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Australia Foreign Minister Julie Bishop and a team of parliamentarians have wrapped up a whirlwind five-day visit to three north Pacific nations with a final stop in the Marshall Islands on Wednesday and Thursday.
The Marshall Islands visit included a meeting with President Hilda Heine and a government reception, meetings with private sector and non-government representatives on Wednesday evening, and a visit to a domestic violence prevention programme prior to departure to Australia on Thursday morning.
Earlier in the week, the group visited Palau and the Federated States of Micronesia. All three island groups are closely affiliated with the United States through Compacts of Free Association.
While Marshall Islands government leaders have been critical of what they see as Australia's lack of commitment to climate action, this contentious issue was not broached by Bishop or Marshall Islands leaders at public events.
Marshall Islands Environment Minister David Paul and Bishop toasted long-standing and close relations between the two nations during Wednesday's reception at the Marshall Islands Resort.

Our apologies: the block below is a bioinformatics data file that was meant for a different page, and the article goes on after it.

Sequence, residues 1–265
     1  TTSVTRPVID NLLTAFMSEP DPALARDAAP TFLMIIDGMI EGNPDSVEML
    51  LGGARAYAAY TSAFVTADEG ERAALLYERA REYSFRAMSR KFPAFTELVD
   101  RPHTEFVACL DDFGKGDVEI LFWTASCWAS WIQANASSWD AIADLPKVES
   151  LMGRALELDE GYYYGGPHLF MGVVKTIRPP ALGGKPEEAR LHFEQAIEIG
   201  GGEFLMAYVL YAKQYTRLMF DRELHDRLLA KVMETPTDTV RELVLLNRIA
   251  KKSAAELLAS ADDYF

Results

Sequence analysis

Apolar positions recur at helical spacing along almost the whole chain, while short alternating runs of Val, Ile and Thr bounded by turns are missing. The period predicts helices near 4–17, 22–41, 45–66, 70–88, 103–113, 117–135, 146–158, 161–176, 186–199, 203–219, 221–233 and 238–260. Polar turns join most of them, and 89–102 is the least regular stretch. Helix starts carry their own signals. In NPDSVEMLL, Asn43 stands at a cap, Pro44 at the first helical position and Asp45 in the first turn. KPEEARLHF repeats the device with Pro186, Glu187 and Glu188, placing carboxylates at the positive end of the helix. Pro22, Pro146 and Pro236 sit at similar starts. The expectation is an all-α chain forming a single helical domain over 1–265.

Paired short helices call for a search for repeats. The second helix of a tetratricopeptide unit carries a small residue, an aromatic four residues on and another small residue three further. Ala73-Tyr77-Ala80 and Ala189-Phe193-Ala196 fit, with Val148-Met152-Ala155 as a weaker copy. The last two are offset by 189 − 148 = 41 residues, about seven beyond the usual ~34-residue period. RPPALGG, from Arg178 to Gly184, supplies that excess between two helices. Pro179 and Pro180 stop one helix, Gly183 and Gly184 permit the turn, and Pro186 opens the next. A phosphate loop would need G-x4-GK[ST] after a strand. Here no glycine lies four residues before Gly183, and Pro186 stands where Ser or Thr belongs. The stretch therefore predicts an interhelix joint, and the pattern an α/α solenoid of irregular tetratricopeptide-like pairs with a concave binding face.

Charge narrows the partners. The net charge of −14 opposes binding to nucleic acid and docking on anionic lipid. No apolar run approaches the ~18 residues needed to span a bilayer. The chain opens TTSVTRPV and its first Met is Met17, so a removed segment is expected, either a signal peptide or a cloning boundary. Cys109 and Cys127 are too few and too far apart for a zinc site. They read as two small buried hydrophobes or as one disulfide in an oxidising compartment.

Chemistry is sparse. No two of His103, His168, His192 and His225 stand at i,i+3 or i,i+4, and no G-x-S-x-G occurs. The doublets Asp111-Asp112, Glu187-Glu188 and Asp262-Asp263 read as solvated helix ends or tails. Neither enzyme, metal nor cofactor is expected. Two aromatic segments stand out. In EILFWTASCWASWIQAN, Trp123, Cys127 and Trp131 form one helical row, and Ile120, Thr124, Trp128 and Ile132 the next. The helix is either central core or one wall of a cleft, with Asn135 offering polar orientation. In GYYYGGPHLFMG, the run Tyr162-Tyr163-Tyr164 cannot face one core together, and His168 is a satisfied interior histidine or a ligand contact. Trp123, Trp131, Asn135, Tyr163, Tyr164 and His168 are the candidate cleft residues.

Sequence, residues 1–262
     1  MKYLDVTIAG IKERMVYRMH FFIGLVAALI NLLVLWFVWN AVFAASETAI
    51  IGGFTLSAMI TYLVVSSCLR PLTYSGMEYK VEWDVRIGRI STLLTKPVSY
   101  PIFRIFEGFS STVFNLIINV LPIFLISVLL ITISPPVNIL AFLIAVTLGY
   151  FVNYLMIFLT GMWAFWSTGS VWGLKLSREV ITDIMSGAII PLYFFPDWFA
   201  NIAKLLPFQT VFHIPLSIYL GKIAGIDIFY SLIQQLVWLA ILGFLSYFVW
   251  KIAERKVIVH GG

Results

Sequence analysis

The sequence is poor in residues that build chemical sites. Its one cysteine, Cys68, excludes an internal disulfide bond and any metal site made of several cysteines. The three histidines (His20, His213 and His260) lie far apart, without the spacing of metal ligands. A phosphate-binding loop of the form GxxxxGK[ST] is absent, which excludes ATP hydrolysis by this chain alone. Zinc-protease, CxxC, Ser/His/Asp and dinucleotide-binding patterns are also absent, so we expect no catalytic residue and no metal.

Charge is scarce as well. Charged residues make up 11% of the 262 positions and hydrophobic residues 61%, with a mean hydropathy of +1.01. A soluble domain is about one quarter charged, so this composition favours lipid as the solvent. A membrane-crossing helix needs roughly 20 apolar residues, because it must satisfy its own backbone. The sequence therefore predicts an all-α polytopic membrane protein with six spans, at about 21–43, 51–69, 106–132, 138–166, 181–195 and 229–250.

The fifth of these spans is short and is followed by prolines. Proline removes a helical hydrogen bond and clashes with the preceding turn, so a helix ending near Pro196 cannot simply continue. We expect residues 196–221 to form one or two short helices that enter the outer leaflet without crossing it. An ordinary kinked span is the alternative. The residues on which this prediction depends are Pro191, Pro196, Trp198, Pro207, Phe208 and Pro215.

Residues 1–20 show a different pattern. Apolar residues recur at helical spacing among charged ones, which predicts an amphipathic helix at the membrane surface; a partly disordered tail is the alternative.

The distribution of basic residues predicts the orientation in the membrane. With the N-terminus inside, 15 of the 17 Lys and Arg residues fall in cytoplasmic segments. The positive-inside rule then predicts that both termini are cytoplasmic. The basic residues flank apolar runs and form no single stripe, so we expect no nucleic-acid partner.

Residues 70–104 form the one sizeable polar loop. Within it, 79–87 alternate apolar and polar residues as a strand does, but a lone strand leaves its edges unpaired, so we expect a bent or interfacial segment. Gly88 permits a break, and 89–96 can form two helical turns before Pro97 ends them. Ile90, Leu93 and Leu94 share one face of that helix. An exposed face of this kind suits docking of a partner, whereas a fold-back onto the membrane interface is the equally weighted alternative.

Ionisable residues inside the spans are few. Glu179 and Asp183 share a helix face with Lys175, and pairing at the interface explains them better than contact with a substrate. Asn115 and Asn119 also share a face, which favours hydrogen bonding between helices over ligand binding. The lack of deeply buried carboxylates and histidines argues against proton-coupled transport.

Paul noted that Australia was the second nation after the United States to extend diplomatic recognition to the Marshall Islands after it entered the Compact of Free Association with the US in 1986.
Bishop highlighted a visit to Ebeye Island, next to the US Army's missile testing range at Kwajalein Atoll, where she viewed an in-progress US$19 million water and sanitation project that Australia is jointly funding with the US and the Asian Development Bank.
Seeing children filling bottles with clean water from a water-filling station was a happy occasion for the Australian delegation, she said.
Bishop also reaffirmed Australia's commitment to and engagement in the Pacific region.
Although climate issues have come to dominate all government activities in the Marshall Islands, neither Bishop nor Paul mentioned the climate issue during friendly remarks to reporters.
The Heine administration has been openly critical of Australia's energy and climate policies over the past two years. But while this may have been addressed during closed door meetings between the Australian delegation and President Heine earlier on Wednesday, both Bishop and Paul focused on other issues of mutual agreement in their remarks at the reception.
Prior to departing on Thursday, Bishop's team visited the offices of the national women's organisation, Women United Together Marshall Islands (WUTMI), to show support for the Weto in Mour (safe haven) programme that provides counseling and services to victims of domestic violence.
Bishop noted that the Australian government was providing funding in the Pacific region, including to WUTMI, for a variety of women's empowerment programmes.
SOURCE: RNZ PACIFIC/PACNEWS
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